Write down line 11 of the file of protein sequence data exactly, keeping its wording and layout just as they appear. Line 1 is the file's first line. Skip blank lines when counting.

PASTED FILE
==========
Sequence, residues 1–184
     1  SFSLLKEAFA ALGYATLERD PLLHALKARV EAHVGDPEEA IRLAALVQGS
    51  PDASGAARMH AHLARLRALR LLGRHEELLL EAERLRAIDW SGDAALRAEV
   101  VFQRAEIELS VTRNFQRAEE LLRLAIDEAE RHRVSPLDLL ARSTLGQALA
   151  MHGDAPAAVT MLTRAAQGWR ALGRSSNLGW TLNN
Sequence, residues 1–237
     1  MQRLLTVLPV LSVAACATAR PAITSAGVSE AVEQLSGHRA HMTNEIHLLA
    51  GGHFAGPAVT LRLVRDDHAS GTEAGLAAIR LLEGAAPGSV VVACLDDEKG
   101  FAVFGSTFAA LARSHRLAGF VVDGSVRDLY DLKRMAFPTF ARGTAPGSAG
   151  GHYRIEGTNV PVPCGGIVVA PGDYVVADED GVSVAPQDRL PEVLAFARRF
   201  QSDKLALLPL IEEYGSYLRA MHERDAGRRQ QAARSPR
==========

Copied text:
   201  QSDKLALLPL IEEYGSYLRA MHERDAGRRQ QAARSPR